The winery was in full harvest/wine making mode while we were there,

and we got a great tour of the facility in the morning.  I always sorta struggle with wine; I like it, but so much of the industry smacks of pomposity, but to see a really cool little vineyard that is super-committed to “doing it right” – organic and as “pure” as possible – was really cool. 

We then packed up our gear and  - as our tour was winding down – started strategizing as to our next moves to optimize our return to Milan.  We had started to settle in on a plan when it dawned on us that what we wanted was a stellar day of riding, end up at a cool place, get more great Italian food, hang out with new Italian friends, and drink great wine…..ah hah!  Maybe one more night at the vineyard!  So we had yet another awesome day of rolling around the roads of Chianti that will be featured in next year’s road cycling world championships. 

Which of course was followed by more feasting, drinking, and laughs. 

As it turned out, our plan to return to Milan was thwarted by Italy’s surprisingly difficult policies regarding bikes on trains so we opted to rent a couple of one-way cars, which worked out fine.  Back at Seba and Jane’s we had yet another celebratory feast (good thing we rode a lot while in Italy!) and the next day Tom and Julia left while Ash and I joined hundreds of folks out on their Sunday rides near Milan.  A quick visit to the Milan Duomo that night – one of the signature Cathedrals in Europe, apparently, but unlike Florence the monster plaza is populated not by tourists but by Italians – and our fine trip was done. 

Ash and I had never done a bike tour with anyone else before, and Julia and Tom proved  -as expected – to be awesome travel partners and really helped make the trip amazing.  And of course, huge thanks to Jane and Seba for opening their homes to us and providing such great hospitality. 

Here’s a link to a lot more pics:

Tuesday, October 23, 2012

Gettin' WRAD on the White Rim

As many mountain bikers in Utah  - and around the country - know, the White Rim Ttrail is truly a classic ride (this I know because I have a coffee table book called "Classic Mountain Bike"; Thirty of the World's Most Spectacular Trails" and the White Rim is in there).  It's a 100 mile loop that starts and finishes in the Island in the Sky section of the Canyonlands National park west of Moab, and after dropping off the Island mesa via the infamous Shafer Trail switchbacks a "bench" of (what I believe is) Navajo Sandstone creates a great shelf that enabled the building of an amazing 4WD road that wraps almost an entire loop in 70+ miles.  The route was initially developed by winter cattle grazing and then was "improved" by the Atomic Energy Commission for uranium exploration.  Now it's almost exclusively the domain of mountain bikers.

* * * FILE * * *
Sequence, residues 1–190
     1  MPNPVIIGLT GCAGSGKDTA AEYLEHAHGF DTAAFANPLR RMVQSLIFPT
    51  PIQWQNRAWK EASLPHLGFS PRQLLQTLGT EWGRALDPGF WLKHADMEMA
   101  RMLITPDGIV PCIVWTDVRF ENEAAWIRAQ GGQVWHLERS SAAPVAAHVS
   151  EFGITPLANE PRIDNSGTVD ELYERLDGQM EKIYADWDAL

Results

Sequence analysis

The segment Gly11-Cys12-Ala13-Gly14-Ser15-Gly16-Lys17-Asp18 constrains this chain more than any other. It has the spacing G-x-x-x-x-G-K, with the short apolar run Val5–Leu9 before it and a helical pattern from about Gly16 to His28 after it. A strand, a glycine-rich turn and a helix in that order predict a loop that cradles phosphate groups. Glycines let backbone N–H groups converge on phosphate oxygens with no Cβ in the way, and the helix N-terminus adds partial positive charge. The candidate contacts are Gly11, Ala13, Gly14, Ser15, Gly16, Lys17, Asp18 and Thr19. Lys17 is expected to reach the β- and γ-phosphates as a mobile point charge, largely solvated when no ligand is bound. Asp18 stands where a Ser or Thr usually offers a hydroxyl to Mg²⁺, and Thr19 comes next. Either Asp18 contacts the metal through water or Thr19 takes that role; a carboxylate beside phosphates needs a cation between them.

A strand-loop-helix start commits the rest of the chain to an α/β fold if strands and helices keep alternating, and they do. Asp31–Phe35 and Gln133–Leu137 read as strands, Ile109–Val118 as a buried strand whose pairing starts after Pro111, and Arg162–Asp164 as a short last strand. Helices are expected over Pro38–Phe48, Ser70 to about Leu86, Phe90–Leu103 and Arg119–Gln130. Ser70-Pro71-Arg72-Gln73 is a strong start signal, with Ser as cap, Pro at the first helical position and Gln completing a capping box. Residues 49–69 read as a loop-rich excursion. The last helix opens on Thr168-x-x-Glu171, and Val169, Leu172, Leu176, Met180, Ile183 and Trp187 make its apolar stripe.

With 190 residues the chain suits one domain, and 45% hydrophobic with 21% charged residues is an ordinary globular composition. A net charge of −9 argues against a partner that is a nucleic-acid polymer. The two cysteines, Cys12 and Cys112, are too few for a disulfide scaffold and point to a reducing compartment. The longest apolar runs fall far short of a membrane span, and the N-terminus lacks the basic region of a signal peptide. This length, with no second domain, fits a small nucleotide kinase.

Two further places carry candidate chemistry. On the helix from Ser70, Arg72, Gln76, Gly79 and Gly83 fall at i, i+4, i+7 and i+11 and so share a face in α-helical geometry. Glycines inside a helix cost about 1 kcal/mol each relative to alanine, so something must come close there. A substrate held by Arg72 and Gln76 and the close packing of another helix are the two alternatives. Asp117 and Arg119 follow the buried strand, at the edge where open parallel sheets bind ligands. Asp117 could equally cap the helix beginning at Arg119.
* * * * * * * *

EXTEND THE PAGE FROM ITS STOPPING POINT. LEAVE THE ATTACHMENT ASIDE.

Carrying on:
Most folks take three days to do the loop in river trip style, with the "kayaks" being the bikes and the "rafts" being overladen 4WD trucks.  But over the last 10 years or so it seems like we almost never hear of any of our friends doing 3 day trips and instead it's becoming increasingly popular to do the White Rim in A Day (WRAD).  Before I met her Ash had done 8-10 of these, and in our first year together we did her only 3-day.  We hadn't done it for a long time (with the exception of going to the Scotsman's fantastic wedding at the halfway-around mark in 2005) and decided it was time to return. 

In order to make a weekend out of it, we went south on Saturday to explore some awesome new singletrack (?? new to me, at least....maybe in the last few years?) in the Gemini Bridges area.  It's clear that Moab is taking seriously the "challenge" posed by the killer singletrack trails available in the Fruita and St George areas by doing a lot of work to make really fun singletrack in Moab to compliment the Slickrock trail and copious double track that historically has attracted plenty of tourist mountain bikers but waned in it's appeal to singletrack snobs.  The new trails are definitely worthy:

and are really well-marked:

And of course are becoming really popular:

Here's Ash dancing with death perilously close to the edge:

And the gratuitous "Anastazi-looking shadow on the rocks by a coupla dorks" shot:

There are at least 4 of these singletrack areas around Moab now that rival anything at Gooseberry, Fruita, etc in terms of fun, challenge, scenery, and trail quality. 

And then off to the WRAD on Sunday.  We rolled out just before first light (going clockwise) and zipped past the park gate ($5 for bikes?!?!  it was closed so of course we blew if off, but charging for bikes? c'mon....)
And had the sun rising on us as we plunged the 1400 feet down to the rim:

Where you settle into the rhythm of the double track:

The White Rim may have lost a bit of its luster for folks because there is not a single inch of single track, but the beauty is pretty amazing

and never really stops. 

As an added bonus, I found some super sick shades:

that I can't wait to start sporting around the Wasatch. 

We saw so few people that at about mile 70 we started to get a little concerned about our water poachability (from the 3-dayers) but we were able to get 2, 12 oz bottles of water from people who were doing a 3 day driving trip (which was "the only water we have; but we have plenty of soda!"  huh?  really?  you are camping in the desert with NO water?) and with about 2 or 3 hours to go we found some cyclists who had plenty of water left for us to do a refill.